PAUL GIGOT: Other than hurricanes, we think the big story of
the week was Iraq, where every act of violence had tragic
results on the ground, and potential impact on our
presidential election. The map of Iraq this week was dotted
with places where the insurgents were on the attack, and
American officials conceded there are areas of the country
where neither American forces nor Iraqi security forces were
in control, or likely to be very soon.
IRAQ: On one day alone, at least 47 people were killed in
Baghdad when a bomb ripped through a crowd of Iraqi men
lined up to join the police force. In another attack on the
same day, gunmen killed 11 police officers and a civilian
when they opened fire on a van carrying the officers home
from work. And a bomb blew up an oil pipeline in the north,
causing widespread blackouts.
PAUL GIGOT: In
response to the growing violence, the Bush administration
formally announced that it was shifting about three billion
dollars from reconstruction to programs aimed at improving
security and providing jobs. Dan, on the face of it, not a
good week for American policy in Iraq. What explains this
spike in violence, and does this mean that we're losing the
battle with the insurgency?
DAN HENNINGER: Well, I
think one thing to keep in mind is, just looking at that
tape, every single person wounded there was an Iraqi
citizen, not an American soldier. What is essentially going
on here, it's not really a widespread popular uprising
against the American presence, it's an organized resistance
led by a Jordanian terrorist named Al Zarkawi, who had
collected all of the Saddam remnants and pointed them at the
Iraqi people. And what they have proven they can do is
create car bombs, create assassins, and create beheadings.
That is in no way the same thing as suggesting that the
people of Iraq, all 25 million of them, are opposing the
What the people of Iraq, by and
large, have been attempting to do is recreate their society.
And absent these sorts of terrorist attacks, that is
precisely what they'd be doing.
PAUL GIGOT: Susan
how do you see it?
SUSAN LEE: Yeah, I slightly
disagree. I think that there's an escalation of violence and
increasing coordination among these groups. It's
time to say, mistakes were made. And to me one of the big
mistakes was Fallujah. And I don't think it was a strategic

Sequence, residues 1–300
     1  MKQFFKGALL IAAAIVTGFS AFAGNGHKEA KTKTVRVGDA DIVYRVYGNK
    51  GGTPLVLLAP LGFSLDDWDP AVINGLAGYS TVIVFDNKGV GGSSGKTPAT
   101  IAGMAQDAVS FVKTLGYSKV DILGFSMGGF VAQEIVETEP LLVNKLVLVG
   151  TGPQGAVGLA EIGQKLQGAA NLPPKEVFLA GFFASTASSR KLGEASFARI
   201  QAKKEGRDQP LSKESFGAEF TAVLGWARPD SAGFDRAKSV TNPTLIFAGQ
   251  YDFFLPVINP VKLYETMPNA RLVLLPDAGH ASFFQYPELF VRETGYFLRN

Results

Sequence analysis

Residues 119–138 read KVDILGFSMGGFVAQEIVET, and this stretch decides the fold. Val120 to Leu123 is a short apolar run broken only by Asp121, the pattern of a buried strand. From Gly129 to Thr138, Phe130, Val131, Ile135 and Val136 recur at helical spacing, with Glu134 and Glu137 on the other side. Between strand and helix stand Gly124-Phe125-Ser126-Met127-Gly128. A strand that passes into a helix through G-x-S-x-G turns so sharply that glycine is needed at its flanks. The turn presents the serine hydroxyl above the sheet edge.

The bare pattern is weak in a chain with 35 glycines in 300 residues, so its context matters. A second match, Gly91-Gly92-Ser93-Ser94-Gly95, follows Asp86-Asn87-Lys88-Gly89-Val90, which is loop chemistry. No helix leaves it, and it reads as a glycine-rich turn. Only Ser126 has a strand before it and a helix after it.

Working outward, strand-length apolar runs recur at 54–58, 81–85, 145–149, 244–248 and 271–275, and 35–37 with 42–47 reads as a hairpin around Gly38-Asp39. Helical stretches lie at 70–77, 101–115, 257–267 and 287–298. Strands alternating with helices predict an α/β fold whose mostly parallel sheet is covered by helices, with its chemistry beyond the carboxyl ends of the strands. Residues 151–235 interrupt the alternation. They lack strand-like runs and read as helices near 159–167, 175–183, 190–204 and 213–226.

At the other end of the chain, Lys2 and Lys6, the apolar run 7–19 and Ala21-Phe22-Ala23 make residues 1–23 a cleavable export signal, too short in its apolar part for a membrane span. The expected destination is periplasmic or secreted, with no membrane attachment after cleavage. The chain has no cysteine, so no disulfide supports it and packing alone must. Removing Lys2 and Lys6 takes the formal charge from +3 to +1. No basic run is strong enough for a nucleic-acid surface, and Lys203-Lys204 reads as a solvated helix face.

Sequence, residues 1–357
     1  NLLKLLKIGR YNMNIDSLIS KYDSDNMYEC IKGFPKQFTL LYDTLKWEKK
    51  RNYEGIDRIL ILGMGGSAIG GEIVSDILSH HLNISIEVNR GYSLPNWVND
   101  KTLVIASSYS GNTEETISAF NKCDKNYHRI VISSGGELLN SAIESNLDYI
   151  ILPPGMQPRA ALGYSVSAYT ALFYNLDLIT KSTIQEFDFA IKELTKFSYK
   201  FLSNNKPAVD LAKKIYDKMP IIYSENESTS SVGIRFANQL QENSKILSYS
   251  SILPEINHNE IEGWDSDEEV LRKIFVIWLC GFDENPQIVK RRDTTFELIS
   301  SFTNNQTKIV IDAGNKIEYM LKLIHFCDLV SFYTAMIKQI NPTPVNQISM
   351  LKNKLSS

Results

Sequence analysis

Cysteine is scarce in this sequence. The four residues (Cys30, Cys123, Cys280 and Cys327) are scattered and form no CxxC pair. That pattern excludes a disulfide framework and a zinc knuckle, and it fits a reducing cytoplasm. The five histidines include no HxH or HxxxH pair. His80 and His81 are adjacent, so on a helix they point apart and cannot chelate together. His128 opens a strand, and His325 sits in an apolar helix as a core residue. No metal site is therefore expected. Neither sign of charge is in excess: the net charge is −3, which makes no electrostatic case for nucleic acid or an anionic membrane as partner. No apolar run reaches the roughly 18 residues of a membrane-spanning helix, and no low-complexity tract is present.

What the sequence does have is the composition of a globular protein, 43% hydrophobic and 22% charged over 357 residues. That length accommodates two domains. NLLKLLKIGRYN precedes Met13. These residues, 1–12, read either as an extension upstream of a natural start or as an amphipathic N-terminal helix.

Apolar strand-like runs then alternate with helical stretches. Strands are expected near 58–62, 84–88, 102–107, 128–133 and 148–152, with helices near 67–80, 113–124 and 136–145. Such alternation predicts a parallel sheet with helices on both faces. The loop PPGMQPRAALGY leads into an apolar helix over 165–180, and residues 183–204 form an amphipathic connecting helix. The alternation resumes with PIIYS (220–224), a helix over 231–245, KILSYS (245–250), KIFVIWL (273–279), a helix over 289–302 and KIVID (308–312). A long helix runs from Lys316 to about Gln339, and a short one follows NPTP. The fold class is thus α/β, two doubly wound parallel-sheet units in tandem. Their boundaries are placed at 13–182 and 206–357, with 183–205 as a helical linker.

mistake, that the United States misunderstood what would
happen if they permitted, if we permitted terrorists a safe
haven. I think it was a tactical mistake of optimism.
Remember the Fallujah brigade? One thousand former Iraqi
army people who were supposed to, when we pulled out, who
were supposed to control and patrol the city? They either
disappeared or they joined the insurgents.
GIGOT: You're talking about these no-go zones west of
SUSAN LEE: Right.
PAUL GIGOT: I
think even the administration is coming to the view that
that was a mistake. Lieutenant General, Marine General James
Conway, who had been running that operation and is now
leaving Iraq, was very critical this week of the Bush
administration for starting and stopping. He said when you
get an operation like that, you send the Marines in. You
don't stop them. And I think that that was a strategic
mistake. And they're beginning to fight back, are they not?
In Tallafar there was that operation this week that seems to
be a military success. There's some movement in Samara. But
Dan, isn't Susan right that this is the big strategic
problem in Iraq right now, that part of west of Baghdad --
the Baathists remnants?
DAN HENNINGER: Yeah, that's exactly it. I mean, these are
the people who were left over after the quick victory. And
then now they've organized themselves, and some think that
this may have been the plan all along. But let's bear in
mind that in those instances where they choose to stand and
have a pitched battle, like the Sadr militia did, in Najaf
they have lost. I mean, that was a big story. That fighting
ended on August 28th, three weeks ago. Do you know what's